by Dorothy Nelkin, revised edition, 217 pp, $15.95, ISBN 0-7167-2595-9, New York, NY, WH Freeman Co, 1987, 1995.
This article is only available in the PDF format. Download the PDF to view the article, as well as its associated figures and tables.
For a medical researcher or scientist, being contacted by journalists for a story or an opinion brings on a rush of conflicting sensations. Easily starstruck do we become with ourselves for our 15 minutes or 3-column inches. This is often followed quickly by paranoia, fear, and resentment as we perceive our work distorted and exaggerated. "They didn't get it right, they don't understand the implications, the public will panic!"
Based on repeated observations of this phenomenon in her studies of public attitudes toward science and technology, Professor Nelkin decided to study the relationship between scientists and the media and to describe the world of science journalists. This book constitutes a revised edition of the one originally published in 1987, updated to include her observations of recent changes in the way science is reported in the news.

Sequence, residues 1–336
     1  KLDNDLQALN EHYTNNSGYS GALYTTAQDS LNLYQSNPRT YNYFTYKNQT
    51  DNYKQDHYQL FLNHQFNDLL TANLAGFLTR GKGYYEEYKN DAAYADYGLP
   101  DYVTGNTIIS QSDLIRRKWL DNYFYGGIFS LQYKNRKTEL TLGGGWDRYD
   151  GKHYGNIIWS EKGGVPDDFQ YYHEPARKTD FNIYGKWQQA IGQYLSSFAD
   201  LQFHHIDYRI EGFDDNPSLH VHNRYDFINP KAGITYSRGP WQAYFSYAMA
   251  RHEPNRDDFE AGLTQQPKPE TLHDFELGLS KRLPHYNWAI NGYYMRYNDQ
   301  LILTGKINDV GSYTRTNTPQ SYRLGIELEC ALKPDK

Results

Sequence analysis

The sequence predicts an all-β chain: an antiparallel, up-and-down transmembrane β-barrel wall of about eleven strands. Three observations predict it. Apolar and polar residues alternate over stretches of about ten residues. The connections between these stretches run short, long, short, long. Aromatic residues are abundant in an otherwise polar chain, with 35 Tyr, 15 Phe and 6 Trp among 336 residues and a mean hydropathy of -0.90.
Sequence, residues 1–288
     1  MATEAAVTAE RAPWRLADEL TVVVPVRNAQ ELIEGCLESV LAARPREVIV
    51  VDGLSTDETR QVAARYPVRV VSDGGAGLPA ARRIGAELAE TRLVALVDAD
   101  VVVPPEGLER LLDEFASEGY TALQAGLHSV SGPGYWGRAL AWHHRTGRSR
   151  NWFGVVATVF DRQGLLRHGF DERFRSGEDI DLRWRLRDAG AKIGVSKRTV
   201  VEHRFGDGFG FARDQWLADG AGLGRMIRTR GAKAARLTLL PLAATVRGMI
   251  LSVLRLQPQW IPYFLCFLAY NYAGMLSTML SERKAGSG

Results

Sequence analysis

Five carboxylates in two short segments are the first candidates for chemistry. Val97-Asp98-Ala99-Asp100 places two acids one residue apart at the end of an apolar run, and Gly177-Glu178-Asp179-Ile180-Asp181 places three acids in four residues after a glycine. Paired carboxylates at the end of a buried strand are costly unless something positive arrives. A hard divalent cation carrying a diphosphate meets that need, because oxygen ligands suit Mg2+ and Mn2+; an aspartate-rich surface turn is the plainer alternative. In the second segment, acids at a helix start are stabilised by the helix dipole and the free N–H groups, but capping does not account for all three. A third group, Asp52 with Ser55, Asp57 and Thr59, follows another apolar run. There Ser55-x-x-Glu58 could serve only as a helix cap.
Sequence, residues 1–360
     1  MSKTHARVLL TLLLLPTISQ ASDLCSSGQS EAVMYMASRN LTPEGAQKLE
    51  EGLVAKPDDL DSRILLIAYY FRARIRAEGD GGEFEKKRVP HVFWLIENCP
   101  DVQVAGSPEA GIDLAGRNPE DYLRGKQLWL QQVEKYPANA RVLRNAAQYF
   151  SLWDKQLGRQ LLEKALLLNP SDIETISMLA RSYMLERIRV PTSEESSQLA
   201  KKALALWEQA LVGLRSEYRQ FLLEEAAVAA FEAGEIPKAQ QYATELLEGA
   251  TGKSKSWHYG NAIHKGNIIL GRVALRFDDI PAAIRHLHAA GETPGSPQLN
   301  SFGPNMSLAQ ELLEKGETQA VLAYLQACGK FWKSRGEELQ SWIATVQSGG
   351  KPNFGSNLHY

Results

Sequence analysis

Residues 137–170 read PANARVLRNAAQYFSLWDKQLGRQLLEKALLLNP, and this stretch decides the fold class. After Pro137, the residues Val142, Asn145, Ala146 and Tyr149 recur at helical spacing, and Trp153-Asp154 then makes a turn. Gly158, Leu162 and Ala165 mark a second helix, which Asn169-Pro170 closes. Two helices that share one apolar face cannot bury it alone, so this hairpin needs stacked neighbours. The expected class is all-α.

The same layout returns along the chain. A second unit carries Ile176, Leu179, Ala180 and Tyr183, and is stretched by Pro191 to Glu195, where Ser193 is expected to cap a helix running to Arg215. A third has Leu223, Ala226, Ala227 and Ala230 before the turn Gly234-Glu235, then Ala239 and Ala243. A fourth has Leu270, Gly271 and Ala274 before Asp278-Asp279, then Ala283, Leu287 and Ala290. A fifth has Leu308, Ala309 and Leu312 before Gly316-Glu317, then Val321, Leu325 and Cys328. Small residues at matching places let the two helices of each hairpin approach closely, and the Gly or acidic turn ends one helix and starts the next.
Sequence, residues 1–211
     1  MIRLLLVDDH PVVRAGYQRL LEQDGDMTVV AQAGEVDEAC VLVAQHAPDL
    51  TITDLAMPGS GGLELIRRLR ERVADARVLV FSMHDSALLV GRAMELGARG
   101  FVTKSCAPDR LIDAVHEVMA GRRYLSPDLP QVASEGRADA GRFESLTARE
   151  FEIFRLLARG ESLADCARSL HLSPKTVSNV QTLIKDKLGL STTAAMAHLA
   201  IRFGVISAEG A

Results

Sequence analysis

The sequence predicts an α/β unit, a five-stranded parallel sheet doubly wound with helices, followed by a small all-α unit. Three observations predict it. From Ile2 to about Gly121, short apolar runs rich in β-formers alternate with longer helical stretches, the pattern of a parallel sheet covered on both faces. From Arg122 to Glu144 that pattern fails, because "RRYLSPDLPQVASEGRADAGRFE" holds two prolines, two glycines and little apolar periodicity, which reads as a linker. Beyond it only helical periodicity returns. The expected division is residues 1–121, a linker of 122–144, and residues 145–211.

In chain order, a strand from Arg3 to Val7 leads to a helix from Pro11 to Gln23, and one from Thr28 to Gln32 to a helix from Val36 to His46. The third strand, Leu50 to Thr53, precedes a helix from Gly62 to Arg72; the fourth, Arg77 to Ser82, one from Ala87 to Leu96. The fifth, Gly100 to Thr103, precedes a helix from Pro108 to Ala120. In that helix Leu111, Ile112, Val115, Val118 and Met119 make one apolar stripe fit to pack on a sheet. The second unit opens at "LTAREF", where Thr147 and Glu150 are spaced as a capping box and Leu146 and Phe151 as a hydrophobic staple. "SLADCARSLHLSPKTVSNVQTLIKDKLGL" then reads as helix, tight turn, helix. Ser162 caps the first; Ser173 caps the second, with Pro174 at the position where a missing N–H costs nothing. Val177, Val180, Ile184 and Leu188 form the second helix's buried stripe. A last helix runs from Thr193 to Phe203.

The author first examines image making in science reporting, where the use of certain
Mark DH. Selling Science: How the Press Covers Science and Technology. JAMA. 1995;274(20):1638-1639. doi:10.1001/jama.1995.03530200076047